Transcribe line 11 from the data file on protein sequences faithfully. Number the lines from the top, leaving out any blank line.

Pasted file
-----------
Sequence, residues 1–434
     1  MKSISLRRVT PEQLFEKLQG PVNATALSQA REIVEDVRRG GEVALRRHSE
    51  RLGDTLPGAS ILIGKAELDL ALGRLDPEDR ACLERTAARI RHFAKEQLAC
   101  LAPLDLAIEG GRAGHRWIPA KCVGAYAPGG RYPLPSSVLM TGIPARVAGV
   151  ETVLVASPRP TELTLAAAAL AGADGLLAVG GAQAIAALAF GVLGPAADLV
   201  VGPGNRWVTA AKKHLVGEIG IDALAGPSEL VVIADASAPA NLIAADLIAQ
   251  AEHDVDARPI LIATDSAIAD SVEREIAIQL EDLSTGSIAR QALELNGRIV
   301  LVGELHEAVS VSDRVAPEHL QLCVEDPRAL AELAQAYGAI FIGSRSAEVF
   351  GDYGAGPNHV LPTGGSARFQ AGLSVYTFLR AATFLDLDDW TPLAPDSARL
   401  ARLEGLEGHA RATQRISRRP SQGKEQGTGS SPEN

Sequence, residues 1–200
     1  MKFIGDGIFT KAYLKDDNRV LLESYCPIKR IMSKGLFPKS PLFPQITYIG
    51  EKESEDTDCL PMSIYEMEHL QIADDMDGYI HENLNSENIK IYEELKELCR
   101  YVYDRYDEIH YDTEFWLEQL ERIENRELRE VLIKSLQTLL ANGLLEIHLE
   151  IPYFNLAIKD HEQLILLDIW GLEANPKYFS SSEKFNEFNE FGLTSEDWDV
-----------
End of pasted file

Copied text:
Sequence, residues 1–200